Google and Samsung team up to fix Wear OS


Wear OS needed a fresh coat of paint … well, always. Every time Google tried to fix Wear OS, it seemed like it only made things worse. Wear OS has been in a weak state for the past few years, but today Google announced a major change. It has collaborated with Samsung on a new wearable platform which combines “the best of Wear OS and Tizen”. It’s still called Wear OS – at least for now.

Google’s rethinking of wearables has three parts. There is of course the new Wear platform. Google has promised that the new platform will have apps that launch 30% faster and last longer on battery life. There was no specific benchmark for battery life, but it looks like Google and Samsung will be better able to utilize low-power cores in a system-on-a-chip.

Google is working on a set of watch-optimized third-party apps to run on the new platform, which is long overdue. For example, Google says Maps will have step-by-step instructions and (finally) support for offline music in YouTube Music. Spotify will add this feature in a future update. Meanwhile, Google Pay will have a complete redesign of the watch to include support for Tap and Pay in 26 countries, up from 11 in the current version. There is also a new Tiles API, and Google claims it will make it easier for developers to deploy Tiles for their apps. Google used the Calm app (see above) as an example of new tiles. There’s also a new quick switch shortcut – just double-tap the hardware button to return to your last app.

Finally, there is the addition of Fitbit’s premium health and fitness service, which Google inherited when it acquired the company last year. Some of Fitbit’s features will appear on the new platform for wearable devices, but their features are very limited at the moment. Fitbit founder James Park cited incentive notifications as an example. Perhaps more interesting is the promise that Fitbit will make premium smartwatches powered by Wear in the future.

Google has been secretive about the technical side of this partnership – it has even shied away from using the updated software name “Wear” whenever possible. However, the Android-based Wear OS will continue to be the core of the new platform. According to Samsungshe brought her expertise in performance optimization and batch processing of sensor data to the project. In the developer’s keynote speech, we heard about how this touch technology will lead to better exercise tracking, a feature that has been sorely lacking in Wear OS. The watch face designer Tizen will also carry over directly to Wear.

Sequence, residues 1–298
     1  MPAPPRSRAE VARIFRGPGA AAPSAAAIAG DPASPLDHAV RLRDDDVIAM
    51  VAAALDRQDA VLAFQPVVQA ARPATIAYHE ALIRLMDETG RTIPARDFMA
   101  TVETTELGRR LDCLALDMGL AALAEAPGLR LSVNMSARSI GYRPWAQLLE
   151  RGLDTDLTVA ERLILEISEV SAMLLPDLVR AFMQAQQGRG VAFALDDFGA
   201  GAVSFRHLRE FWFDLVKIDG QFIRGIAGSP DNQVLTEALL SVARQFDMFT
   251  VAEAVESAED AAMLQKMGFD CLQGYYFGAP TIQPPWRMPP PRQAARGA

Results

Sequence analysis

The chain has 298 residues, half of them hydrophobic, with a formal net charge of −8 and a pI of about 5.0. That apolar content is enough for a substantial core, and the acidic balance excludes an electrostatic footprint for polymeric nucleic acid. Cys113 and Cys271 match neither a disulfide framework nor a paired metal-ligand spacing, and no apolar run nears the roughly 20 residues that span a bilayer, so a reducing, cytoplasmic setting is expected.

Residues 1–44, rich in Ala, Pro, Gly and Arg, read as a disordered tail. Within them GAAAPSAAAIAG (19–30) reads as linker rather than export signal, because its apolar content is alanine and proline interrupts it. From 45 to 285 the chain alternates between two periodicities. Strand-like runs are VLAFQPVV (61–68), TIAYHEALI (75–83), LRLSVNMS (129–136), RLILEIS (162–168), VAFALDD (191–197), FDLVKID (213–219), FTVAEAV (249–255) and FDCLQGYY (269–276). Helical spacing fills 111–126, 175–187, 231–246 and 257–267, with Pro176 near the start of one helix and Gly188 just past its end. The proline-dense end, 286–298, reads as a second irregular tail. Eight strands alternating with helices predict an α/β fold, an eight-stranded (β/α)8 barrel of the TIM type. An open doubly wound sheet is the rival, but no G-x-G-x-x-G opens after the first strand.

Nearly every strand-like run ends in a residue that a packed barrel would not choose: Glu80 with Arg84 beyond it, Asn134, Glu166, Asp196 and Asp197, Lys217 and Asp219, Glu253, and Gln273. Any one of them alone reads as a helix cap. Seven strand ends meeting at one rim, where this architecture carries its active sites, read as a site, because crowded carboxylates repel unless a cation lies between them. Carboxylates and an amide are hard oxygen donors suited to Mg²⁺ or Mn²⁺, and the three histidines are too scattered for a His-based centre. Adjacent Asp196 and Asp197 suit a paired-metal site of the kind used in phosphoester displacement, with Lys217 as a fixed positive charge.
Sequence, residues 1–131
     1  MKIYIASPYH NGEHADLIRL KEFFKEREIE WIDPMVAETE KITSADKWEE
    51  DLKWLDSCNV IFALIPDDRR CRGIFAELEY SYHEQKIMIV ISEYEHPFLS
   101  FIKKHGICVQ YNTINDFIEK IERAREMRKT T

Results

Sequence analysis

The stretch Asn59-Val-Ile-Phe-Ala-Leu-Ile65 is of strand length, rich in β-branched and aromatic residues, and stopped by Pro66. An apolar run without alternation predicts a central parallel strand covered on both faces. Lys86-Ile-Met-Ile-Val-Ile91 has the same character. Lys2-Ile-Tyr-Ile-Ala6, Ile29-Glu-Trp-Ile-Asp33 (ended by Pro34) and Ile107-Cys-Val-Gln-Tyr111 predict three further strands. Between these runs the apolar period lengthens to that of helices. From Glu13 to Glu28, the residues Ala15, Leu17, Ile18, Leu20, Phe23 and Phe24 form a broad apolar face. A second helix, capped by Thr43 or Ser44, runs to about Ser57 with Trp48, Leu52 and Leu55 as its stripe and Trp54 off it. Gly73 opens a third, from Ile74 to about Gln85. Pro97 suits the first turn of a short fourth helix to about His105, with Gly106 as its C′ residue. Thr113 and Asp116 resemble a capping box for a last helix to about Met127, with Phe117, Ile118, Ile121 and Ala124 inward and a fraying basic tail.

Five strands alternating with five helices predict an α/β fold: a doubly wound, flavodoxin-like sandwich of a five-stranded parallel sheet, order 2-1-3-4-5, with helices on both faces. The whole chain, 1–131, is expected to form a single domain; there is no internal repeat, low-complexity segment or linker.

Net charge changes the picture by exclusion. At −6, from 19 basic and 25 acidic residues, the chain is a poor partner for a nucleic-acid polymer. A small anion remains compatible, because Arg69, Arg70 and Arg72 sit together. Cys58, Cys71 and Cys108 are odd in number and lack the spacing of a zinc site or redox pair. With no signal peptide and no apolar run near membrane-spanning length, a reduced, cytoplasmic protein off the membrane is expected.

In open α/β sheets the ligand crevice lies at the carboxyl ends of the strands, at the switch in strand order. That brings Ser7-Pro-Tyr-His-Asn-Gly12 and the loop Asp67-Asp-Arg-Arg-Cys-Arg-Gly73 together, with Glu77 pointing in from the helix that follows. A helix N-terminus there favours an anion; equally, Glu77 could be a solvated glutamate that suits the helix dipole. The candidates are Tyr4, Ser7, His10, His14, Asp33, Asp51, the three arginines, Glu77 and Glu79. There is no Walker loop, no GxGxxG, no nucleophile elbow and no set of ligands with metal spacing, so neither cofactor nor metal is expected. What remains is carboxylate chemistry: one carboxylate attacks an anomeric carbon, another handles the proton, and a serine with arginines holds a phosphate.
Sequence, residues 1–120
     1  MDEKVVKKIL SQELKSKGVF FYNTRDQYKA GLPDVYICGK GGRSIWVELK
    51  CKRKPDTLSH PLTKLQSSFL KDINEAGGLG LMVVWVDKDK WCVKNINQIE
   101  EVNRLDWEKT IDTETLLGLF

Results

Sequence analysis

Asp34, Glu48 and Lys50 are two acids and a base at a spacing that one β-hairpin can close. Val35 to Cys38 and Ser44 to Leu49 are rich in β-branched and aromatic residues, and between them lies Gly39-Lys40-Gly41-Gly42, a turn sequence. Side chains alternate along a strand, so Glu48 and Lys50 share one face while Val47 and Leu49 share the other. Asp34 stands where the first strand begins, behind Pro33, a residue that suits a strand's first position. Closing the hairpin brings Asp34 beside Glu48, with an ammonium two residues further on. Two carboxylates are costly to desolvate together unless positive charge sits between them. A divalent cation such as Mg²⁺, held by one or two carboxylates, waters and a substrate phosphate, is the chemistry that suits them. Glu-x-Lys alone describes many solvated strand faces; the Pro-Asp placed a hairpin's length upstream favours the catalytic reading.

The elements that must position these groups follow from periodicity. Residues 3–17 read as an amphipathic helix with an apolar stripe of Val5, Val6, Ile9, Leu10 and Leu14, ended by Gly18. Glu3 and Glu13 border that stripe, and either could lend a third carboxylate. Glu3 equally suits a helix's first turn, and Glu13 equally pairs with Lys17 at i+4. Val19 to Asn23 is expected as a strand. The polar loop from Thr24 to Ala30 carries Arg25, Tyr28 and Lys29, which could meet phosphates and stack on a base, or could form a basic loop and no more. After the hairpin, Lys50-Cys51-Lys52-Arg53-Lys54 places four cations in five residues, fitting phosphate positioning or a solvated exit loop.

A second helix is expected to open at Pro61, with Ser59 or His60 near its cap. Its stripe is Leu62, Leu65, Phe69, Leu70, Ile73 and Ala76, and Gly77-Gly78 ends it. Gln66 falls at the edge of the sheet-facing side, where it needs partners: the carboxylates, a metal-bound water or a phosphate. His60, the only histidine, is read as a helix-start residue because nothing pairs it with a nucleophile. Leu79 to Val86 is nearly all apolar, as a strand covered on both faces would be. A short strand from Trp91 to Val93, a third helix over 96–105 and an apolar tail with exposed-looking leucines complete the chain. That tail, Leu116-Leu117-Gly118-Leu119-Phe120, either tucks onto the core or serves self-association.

Samsung confirms that its next Galaxy Watch will run an updated version of Wear, which means Google services like Maps and the Play Store will be included. Does this mean Bixby will finally boot? We can only hope. One thing you won’t lose is the rotating bezel that will appear on at least some upcoming Galaxy Watch models.

Even if Bixby fades into the background, it’s a big bonus for Samsung wearables that have relied on awful Tizen app ecosystem. Despite all its setbacks, Wear OS maintains a better selection of apps and watch faces thanks to its Play Store integration. For those who use Tizen watches, Samsung promises that it will support these devices for at least three more years. Developers can continue to build apps for Tizen, not that many people have even done so to this day.

And lest you think this is a Google-Samsung exclusive, Google has said that all of its wearable partners will be able to use the new Wear. We should find out more as we get closer to launching the new platform this fall.


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